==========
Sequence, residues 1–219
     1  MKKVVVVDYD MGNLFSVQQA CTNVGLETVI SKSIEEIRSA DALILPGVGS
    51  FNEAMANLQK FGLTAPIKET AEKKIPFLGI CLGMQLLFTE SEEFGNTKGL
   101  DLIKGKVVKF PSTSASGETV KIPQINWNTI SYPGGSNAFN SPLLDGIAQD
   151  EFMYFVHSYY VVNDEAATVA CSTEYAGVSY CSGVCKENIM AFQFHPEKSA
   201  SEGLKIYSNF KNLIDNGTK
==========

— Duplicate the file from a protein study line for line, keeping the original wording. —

Sequence, residues 1–219
     1  MKKVVVVDYD MGNLFSVQQA CTNVGLETVI SKSIEEIRSA DALILPGVGS
    51  FNEAMANLQK FGLTAPIKET AEKKIPFLGI CLGMQLLFTE SEEFGNTKGL
   101  DLIKGKVVKF PSTSASGETV KIPQINWNTI SYPGGSNAFN SPLLDGIAQD
   151  EFMYFVHSYY VVNDEAATVA CSTEYAGVSY CSGVCKENIM AFQFHPEKSA
   201  SEGLKIYSNF KNLIDNGTK